The Department of Environmental Health and Safety (EHS) at SUNY Geneseo exists to assist the various campus departments navigate and understand their responsibilities under Environmental and Occupational Health and Safety laws and regulations.
From art studio waste management to fluorescent lightbulb recycling, and potential exposures to everything from Asbestos to Zinc, campus activities and operations are subject to numerous federal and state regulations.
EHS provides assistance in three general categories of laws and regulations:
Most environmental regulations follow a similar evolutionary path. A law is passed in Washington, DC., outlining the requirements of the law and assigning, typically to the federal Environmental Protection Agency (EPA), the authority to promulgate federal regulations for implementing those requirements. These regulations take a minimum of two years to navigate the regulatory promulgation process. When finalized, the regulations provide the basis for "how to comply" with the law. Federal laws and regulations often require the states to develop programs that are "at least as stringent" as the federal version. States require another minimum of two years to promulgate their state-specific "least as stringent" programs for which they may then receive approval from the EPA to implement and enforce. This approval may be for an entire program, such as the RCRA Hazardous Waste Program, or for a portion of a program, such as the Clean Water Act. In all cases, the federal EPA retains oversight and enforcement capabilities.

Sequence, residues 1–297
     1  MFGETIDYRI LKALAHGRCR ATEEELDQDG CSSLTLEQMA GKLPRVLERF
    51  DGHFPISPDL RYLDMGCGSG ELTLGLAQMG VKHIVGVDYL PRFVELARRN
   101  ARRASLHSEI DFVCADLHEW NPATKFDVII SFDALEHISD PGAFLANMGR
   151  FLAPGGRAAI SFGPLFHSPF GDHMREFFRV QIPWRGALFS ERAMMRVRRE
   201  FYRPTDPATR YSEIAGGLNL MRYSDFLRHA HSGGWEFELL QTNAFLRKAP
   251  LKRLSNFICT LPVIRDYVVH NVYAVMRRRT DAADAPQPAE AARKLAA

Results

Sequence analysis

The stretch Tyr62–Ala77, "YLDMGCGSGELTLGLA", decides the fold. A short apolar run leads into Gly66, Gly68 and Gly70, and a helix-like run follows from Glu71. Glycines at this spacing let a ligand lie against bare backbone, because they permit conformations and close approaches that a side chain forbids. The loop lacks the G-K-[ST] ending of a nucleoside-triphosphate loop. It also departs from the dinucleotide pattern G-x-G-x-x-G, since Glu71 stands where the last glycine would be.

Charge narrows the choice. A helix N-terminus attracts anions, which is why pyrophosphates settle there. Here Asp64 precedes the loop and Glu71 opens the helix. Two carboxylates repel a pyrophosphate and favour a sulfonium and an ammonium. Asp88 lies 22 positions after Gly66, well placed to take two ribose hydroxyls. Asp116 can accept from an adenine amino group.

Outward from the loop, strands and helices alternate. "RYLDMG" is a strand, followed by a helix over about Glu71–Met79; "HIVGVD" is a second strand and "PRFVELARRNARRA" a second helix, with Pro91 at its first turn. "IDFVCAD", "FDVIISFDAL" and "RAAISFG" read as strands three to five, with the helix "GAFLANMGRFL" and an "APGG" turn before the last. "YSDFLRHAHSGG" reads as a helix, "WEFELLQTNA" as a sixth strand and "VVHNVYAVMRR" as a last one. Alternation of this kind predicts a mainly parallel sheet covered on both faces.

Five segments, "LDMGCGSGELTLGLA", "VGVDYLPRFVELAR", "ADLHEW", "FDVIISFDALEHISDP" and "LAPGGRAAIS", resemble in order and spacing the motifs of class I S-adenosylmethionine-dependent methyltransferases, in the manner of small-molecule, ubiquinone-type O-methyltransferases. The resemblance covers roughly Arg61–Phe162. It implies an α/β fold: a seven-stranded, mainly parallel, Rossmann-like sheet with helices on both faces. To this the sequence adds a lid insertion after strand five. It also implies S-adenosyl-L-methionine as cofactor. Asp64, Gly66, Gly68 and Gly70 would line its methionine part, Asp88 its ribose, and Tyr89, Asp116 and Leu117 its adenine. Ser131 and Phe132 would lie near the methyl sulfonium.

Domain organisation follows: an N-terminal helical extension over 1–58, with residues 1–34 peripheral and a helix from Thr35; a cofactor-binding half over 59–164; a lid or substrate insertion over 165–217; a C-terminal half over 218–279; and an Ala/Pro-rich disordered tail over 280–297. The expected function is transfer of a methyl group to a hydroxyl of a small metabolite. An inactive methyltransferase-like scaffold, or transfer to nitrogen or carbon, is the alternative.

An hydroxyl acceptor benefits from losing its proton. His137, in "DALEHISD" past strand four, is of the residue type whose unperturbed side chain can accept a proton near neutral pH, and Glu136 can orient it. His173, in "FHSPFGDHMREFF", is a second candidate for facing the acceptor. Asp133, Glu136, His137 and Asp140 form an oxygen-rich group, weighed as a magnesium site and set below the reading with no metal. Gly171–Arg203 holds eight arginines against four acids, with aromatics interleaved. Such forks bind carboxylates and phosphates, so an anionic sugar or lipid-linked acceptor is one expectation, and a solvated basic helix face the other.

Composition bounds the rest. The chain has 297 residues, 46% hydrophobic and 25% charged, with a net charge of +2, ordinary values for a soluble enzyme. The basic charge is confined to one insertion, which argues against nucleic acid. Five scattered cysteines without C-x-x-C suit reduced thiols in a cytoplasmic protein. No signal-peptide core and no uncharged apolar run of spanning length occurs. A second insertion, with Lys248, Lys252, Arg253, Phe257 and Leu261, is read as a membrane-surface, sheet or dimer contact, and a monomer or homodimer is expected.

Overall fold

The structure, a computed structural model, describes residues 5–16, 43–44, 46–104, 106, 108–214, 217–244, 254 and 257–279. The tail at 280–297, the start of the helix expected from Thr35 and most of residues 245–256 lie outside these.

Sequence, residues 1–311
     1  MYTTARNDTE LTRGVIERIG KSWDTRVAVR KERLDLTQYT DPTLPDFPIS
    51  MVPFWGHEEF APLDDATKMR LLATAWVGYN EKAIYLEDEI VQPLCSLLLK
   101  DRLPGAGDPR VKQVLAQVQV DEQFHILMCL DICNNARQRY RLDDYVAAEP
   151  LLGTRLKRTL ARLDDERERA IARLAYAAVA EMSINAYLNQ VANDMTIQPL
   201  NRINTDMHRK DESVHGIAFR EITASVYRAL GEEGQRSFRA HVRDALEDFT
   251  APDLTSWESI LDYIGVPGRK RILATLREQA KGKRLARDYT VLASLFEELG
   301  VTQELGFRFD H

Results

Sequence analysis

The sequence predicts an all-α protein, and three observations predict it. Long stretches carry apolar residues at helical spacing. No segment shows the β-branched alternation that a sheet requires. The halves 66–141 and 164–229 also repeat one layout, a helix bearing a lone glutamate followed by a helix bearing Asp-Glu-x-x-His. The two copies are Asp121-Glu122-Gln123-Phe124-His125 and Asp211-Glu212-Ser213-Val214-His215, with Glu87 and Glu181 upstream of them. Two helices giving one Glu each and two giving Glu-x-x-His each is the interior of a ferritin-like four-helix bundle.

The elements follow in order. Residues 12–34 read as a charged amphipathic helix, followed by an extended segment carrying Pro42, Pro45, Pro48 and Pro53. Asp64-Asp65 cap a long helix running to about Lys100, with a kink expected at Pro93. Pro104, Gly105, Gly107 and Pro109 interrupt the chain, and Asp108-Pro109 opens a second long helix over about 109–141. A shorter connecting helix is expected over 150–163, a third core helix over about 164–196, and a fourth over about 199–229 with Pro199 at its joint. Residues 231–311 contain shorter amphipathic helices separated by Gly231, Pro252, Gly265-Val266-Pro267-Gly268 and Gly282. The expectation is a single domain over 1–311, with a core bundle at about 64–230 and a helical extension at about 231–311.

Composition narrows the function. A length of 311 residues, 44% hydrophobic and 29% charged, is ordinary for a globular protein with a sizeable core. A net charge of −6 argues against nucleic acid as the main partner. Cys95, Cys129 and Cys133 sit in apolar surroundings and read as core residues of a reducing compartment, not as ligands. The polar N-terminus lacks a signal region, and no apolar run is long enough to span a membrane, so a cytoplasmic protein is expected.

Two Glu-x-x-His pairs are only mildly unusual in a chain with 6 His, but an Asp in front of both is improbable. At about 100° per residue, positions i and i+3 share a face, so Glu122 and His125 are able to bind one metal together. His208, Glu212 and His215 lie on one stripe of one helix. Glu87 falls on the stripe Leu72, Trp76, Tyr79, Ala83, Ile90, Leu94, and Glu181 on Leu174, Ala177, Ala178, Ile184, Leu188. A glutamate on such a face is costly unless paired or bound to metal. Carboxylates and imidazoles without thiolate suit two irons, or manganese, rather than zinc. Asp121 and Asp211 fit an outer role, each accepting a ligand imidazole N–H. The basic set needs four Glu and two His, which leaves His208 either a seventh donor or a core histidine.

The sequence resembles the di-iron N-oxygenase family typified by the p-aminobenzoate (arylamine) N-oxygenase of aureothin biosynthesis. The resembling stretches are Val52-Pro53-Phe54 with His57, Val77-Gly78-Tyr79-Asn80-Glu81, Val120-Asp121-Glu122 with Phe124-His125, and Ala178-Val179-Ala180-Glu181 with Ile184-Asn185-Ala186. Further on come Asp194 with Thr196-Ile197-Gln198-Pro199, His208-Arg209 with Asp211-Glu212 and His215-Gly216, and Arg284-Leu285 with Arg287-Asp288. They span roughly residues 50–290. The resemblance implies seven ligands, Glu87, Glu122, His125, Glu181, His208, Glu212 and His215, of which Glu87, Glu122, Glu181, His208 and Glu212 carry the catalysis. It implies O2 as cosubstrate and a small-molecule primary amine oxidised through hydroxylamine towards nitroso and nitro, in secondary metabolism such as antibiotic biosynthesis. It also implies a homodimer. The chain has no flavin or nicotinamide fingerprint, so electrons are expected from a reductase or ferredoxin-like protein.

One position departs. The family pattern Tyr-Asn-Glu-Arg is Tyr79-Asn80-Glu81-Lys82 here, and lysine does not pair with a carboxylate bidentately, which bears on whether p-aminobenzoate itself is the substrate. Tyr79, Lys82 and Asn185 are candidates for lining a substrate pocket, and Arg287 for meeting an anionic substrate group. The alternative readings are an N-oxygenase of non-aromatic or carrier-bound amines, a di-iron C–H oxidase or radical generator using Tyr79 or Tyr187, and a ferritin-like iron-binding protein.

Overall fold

Occupational Health and Safety regulations are typically referred to as "OSHA regulations". However, in the public sector in NYS that is an incomplete reference. Within the NYS public sector, the OSHA regulations are enforced by Public Employees Safety and Health Administration (PESH). The Occupational Health and Safety regulations for public employees in NYS may be the federal OSHA regulation adopted verbatim (most safety standards), or a more stringent version (Permissible Exposure Levels), or even a regulation that is specific to the New York State public sector (Right-to-Know).
Snowstorms, ice storms, power outages and even fires. These are all emergency situations that have and may again occur on the SUNY Geneseo campus. While the weather cannot be controlled, the negative effects these storms have on campus activities and operations can be minimized through preparation. The SUNY Geneseo campus has a Emergency Planning Team which has developed campus-wide response and communication procedures to be implemented in emergency situations. Each campus department is responsible for developing their own Departmental Emergency Preparedness Plan.